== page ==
Whew. What a lot of hubbub in the Caucasus!  And the whirlwind amongst the geopolitical blowhards who are trying to figure it all out is such that it’s disturbing local weather patterns.  You know the scene:  a butterfly flaps its wings in the Caucasus, and spawns a tornado a half a world away.  What is becoming clear is that Georgia’s President Mikheil Saakashvili (Misha to his friends) acted recklessly in the 7 August shelling of the South Ossetian capitol, Tskhinvali, theoretically in response to Russian troops moving through the Roki tunnel from North to South Ossetia and otherwise raising a ruckus.  He was reckless, but his recklessness was not a function of excess aggressiveness, it was because he fell into a Russian trap.  Russia had been conducting flyovers of the region, staged massive military maneuvers on the border and otherwise rattled sabers. That they could switch from “peacekeeping” to “ousting the aggressor” at the drop of a shapka ushanka (hat) is just too convenient for anyone to not be at least tempted to cry wolf (mixed metaphors, anyone?). Just like in Chechnya, only this time the Russians said they were doing just what Georgia said it was doing this time: restoring order within a sovereign state. Continue reading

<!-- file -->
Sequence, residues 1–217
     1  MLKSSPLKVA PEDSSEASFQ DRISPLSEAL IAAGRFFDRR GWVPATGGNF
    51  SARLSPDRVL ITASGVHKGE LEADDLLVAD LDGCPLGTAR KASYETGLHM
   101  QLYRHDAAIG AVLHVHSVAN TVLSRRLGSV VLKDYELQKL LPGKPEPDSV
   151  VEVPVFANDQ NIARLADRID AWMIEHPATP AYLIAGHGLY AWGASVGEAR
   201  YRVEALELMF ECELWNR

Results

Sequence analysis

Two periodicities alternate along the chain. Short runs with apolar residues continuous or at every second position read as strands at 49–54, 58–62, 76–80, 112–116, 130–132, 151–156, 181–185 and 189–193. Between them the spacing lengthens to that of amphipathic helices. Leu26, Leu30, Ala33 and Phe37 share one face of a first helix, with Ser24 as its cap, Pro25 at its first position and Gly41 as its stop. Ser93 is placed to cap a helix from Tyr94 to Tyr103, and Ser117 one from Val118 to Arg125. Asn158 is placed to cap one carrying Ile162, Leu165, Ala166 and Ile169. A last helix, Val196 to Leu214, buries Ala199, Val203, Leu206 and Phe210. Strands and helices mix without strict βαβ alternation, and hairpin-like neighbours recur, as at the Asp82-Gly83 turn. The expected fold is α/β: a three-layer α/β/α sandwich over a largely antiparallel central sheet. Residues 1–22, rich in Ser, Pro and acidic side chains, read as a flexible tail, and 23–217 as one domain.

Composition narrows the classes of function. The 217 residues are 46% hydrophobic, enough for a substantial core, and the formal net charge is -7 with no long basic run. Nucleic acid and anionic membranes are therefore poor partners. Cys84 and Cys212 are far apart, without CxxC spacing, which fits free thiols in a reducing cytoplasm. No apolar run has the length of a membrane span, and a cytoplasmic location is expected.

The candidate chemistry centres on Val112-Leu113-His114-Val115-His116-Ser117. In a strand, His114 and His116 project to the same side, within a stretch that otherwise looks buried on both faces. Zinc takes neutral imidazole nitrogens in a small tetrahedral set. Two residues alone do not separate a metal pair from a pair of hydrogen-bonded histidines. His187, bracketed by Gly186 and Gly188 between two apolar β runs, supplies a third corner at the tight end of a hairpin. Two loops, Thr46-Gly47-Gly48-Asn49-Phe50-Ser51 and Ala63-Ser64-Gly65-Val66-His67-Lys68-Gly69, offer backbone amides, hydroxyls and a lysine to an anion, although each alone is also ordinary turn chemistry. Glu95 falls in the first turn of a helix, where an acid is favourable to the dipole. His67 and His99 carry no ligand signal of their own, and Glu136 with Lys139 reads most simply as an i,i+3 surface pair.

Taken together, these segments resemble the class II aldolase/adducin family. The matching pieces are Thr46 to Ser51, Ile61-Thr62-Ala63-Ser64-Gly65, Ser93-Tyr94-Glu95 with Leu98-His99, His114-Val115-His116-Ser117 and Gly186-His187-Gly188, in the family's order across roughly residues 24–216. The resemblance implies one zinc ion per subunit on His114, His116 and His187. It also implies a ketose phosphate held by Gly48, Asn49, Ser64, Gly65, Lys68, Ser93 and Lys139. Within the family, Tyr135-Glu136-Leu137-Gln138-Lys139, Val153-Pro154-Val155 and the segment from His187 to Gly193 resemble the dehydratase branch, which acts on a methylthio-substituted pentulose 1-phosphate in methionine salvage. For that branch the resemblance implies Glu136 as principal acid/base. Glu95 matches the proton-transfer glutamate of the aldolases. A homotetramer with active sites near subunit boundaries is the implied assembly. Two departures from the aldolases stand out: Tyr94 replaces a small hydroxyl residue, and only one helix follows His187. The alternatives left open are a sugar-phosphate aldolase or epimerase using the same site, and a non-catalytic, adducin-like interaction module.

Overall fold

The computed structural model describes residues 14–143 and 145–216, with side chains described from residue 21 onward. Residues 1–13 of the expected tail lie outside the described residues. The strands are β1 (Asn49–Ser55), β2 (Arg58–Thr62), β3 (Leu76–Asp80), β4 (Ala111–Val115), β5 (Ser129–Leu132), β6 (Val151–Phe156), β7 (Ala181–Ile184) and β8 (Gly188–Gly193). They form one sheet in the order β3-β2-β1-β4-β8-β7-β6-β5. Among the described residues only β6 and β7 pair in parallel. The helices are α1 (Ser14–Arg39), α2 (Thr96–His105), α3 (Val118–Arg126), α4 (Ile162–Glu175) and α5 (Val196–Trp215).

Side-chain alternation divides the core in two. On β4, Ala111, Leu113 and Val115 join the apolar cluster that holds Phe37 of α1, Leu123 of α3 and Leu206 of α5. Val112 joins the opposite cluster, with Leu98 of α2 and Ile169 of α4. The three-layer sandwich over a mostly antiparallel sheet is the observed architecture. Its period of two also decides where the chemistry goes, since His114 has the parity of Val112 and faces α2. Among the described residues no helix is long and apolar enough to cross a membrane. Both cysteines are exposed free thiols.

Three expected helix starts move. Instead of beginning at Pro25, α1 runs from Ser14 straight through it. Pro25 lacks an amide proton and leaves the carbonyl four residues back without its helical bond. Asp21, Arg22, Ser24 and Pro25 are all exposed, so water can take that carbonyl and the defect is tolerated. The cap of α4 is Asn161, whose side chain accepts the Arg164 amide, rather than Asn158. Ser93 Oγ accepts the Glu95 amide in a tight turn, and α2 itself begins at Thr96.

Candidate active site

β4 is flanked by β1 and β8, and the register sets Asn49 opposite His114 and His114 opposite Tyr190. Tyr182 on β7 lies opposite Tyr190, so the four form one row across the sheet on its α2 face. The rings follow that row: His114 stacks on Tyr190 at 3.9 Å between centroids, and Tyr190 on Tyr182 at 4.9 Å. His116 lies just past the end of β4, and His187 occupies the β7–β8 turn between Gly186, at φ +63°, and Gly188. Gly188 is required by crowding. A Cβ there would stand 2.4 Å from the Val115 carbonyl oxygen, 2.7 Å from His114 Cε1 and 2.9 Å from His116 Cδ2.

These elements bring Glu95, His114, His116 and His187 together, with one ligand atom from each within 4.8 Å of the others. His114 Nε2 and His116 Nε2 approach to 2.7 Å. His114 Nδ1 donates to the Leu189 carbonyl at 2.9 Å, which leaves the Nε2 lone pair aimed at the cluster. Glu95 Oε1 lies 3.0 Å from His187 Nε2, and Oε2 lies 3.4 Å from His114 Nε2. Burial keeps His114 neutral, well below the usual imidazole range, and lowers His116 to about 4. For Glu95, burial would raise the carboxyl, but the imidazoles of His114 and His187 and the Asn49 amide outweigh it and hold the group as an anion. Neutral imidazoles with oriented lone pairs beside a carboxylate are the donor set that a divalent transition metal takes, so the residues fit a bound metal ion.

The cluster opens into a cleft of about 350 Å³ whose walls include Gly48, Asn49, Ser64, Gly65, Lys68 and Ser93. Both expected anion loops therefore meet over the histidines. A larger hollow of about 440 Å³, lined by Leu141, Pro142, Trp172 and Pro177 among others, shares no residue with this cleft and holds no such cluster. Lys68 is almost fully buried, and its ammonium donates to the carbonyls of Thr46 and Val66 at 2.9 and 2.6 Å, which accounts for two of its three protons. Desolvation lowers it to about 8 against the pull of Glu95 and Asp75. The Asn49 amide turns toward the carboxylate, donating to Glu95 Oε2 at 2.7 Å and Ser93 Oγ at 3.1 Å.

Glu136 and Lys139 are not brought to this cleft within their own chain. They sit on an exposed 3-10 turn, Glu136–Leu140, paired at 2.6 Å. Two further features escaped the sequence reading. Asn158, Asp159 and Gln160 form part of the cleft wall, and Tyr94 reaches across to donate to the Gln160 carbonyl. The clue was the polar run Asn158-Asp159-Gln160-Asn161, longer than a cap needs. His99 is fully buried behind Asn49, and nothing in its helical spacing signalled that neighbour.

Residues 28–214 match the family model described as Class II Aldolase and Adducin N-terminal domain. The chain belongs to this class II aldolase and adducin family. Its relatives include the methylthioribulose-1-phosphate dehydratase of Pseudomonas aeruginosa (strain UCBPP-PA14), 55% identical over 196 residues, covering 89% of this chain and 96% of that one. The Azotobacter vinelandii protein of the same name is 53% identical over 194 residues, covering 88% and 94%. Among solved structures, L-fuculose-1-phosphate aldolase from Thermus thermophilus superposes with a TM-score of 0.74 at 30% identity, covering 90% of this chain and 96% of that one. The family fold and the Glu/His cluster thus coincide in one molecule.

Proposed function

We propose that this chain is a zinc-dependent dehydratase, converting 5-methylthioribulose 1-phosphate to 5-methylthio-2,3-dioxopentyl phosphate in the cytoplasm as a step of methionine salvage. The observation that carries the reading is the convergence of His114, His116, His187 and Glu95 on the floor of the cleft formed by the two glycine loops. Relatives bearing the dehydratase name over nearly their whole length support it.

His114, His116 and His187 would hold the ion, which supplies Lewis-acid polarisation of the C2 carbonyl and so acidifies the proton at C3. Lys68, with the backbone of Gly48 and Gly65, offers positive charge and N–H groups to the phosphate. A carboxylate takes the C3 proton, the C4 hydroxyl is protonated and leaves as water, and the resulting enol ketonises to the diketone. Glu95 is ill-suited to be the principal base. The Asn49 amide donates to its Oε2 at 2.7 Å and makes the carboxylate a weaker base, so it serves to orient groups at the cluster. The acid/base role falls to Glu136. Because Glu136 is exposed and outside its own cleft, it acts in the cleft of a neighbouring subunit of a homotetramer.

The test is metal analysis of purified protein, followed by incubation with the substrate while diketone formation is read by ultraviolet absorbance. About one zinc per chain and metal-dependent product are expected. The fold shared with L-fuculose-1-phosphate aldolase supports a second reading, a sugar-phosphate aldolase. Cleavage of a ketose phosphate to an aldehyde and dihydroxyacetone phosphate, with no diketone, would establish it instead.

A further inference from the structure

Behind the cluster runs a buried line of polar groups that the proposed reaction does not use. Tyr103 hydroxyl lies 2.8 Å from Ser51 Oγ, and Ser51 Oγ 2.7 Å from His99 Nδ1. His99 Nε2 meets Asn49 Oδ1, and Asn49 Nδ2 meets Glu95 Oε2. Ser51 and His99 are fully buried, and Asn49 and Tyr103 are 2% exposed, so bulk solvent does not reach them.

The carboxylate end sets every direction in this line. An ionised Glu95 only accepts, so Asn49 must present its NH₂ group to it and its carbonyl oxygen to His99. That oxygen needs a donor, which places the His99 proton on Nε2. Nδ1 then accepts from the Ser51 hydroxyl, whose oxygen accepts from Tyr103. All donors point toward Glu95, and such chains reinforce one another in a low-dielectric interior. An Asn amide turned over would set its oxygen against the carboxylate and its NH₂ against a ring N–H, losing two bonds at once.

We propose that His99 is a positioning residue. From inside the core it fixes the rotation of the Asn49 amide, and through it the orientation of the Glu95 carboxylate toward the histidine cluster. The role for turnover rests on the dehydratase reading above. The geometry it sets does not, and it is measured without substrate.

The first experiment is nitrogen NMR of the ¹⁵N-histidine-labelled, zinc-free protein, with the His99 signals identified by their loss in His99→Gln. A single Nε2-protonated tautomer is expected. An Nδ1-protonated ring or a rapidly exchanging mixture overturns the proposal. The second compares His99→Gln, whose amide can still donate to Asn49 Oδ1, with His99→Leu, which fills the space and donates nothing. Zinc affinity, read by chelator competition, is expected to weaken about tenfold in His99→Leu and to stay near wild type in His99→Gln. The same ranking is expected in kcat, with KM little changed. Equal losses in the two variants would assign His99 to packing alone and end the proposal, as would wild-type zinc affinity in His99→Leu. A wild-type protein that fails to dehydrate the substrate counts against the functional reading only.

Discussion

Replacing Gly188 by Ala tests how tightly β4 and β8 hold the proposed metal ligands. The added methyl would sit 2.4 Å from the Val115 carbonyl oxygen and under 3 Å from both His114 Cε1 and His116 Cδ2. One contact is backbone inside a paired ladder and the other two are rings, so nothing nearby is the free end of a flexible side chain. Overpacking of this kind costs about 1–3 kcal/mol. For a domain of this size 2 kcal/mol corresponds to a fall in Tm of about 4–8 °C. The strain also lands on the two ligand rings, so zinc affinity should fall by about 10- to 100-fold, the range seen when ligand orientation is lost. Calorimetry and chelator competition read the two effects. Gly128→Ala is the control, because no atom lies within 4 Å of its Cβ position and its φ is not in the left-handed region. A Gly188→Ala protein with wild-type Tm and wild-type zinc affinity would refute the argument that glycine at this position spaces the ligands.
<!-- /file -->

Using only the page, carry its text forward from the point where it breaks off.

News botting: WWOD?

          In these days of geopolitical percolation when nation states boil through statehood to dissolution as easily as steam bubbles in a mud bath, I’ve become interested enough to become a little news-bot. I troll the international press, snagging on worthless, submersed fallen logs of information as often as catching an interesting trend, but it passes the time. Of course the topic de jour is Kosovo, when it isn’t (when hasn’t it been?) some dusty country, brimming with oil. Energy is and always will be the topic, but nowadays it’s not all about who’s got it, but how they get it to you.  In the American press there hasn’t been as much attention paid to Pipelineistan  as there has been to Islamistan, Continue reading